GAIL (India) has cancelled tender to hire newly built ships to ferry liquefied natural gas (LNG) from the US as there have been few takers for the multi-billion dollar contracts. Sources told FE that even though two Japanese consortia participated in the bidding process that lasted two years, they could not be finally selected due to the stringent indigenisation norms.
GAIL, sources said, would now look to charter LNG ships for short terms of three to four years, till a new proposal is made, a senior official told FE. There were no takers for the tender even after an aggressive diplomatic push from India’s external affairs minister Sushma Swaraj and petroleum minister Dharmendra Pradhan. No Indian shipyard has ever built a vessel to transport LNG and foreign giants based in Korea and Japan are not keen to accept India’s request to form a joint venture and transfer technology here.
The delay in finalising the tender could land GAIL in a crisis for not having LNG vessels on time to import gas from the US, which is expected to start from 2017. According to the initial plan, the vessels build overseas are to be delivered between January-May 2019 and one out of three made locally are to be ready between July 2022 and June 2023.
GAIL has floated the latest tender for time-charter hiring of up to 11 ships for 15 to 18 years through international competitive bidding. Exact number of ships to be chartered will be decided in due course. The tender was floated on September 15, 2015 with a due date of submission of December 14, which was later extended till February 29, 2016. The tender was first launched with a cut off date of October 30, 2014, which was later extended several times to December 4, January 6 and February 17 next year.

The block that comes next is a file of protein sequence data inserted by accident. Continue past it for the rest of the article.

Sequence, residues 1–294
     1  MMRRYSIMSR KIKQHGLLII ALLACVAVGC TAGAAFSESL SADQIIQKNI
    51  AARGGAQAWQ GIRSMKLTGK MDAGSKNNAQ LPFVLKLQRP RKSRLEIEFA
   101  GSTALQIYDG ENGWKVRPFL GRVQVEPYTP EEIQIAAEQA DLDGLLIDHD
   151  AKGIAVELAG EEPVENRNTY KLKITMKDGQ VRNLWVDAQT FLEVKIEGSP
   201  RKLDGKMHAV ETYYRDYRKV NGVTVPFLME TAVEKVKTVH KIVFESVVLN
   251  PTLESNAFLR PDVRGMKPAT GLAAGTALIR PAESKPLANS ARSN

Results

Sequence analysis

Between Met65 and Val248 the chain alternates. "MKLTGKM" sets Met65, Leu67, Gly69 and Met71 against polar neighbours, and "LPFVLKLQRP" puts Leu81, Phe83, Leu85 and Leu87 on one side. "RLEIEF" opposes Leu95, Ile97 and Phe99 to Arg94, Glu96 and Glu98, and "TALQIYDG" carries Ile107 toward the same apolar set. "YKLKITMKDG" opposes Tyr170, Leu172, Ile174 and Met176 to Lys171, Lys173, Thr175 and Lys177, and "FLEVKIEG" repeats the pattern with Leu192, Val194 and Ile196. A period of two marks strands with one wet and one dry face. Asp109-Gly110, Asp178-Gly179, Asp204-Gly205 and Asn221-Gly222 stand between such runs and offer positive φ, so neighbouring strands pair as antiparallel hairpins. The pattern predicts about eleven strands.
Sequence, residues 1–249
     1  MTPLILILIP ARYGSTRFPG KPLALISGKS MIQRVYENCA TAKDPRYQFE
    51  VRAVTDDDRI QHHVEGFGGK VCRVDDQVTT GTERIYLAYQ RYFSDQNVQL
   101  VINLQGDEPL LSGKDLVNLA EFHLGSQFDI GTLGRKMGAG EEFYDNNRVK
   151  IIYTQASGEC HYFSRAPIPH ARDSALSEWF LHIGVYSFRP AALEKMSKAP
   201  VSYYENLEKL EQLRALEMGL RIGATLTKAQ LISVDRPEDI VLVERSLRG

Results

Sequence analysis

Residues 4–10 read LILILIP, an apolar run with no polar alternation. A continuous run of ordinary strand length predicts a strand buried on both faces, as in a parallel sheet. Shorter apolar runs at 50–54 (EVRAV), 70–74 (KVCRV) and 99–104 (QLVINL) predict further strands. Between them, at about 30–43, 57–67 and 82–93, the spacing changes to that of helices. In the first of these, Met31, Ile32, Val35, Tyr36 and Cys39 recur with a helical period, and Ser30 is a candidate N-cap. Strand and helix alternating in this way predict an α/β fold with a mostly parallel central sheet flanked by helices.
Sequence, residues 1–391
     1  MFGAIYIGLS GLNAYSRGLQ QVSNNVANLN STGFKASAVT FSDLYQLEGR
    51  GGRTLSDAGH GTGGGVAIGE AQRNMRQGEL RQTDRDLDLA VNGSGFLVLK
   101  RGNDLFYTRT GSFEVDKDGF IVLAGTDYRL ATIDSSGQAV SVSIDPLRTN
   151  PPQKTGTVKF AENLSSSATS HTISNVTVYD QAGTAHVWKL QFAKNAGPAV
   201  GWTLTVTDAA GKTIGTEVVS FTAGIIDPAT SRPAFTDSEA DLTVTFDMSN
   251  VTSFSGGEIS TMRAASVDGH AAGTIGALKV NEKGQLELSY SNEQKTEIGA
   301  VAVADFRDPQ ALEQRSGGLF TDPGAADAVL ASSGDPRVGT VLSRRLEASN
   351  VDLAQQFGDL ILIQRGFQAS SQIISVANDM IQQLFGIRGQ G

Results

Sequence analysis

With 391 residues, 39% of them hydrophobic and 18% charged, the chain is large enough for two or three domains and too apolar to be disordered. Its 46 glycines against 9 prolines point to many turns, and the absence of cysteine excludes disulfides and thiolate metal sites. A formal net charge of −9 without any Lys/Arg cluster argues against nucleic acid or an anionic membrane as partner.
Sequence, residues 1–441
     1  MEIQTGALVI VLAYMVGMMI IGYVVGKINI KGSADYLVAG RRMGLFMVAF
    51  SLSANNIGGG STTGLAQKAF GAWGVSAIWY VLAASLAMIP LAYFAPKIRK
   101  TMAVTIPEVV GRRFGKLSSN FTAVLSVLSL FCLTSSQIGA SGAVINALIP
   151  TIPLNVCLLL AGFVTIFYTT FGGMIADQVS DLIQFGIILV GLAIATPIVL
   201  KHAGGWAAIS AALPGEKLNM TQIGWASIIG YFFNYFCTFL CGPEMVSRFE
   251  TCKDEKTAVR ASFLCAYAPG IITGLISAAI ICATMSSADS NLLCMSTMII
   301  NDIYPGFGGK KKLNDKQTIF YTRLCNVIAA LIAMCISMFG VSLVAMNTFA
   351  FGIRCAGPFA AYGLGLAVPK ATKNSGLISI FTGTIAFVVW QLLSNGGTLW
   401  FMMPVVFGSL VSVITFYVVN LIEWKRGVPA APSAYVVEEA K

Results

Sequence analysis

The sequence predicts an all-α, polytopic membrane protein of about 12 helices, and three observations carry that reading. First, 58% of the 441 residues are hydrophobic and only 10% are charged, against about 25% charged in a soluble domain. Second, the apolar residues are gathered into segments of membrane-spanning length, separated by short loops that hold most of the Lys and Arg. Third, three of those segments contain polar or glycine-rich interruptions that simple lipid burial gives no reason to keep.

GAIL did not respond to an email seeking its comments on cancelling the tender.
The two Japanese bidders who participated in the last bid include – a consortium of Mitsui OSK Lines (MOL)-Nippon Yusen Kabushiki Kaisha (NYK Line) and Mitsui & Co. The second consortium comprises Mitsubishi Corporation-Kawasaki Kisen Kaisha Ltd (K Line) and GasLog.
Industry watchers feel the tender conditions are too stringent to be met. This is at a time when most Indian shipmakers do not have the financial muscle to spent capex for upgradation of shipyards. For the shipyards there are two challenges — to find the technology as well as investors. Moreover, such an opportunity has emerged for the first time in India and hence it would take time to fructify.
In December 2011, GAIL signed a deal with Cheniere Energy Partners to buy 3.5 mtpa of LNG from the Sabine Pass Terminal in Louisiana on FoB basis. Deliveries would start between March and August 2018.
In April 2013, GAIL booked another 2.3 mtpa capacity to export LNG from the Dominion Cover Point terminal in Maryland, delivery of which is expected from end-2017.
After a government directive, GAIL was forced to take out a tender with a clause that out of three LNG vessels one has to be built in India. Generally, it takes 30 months for Japanese and Korean companies to deliver an LNG ship.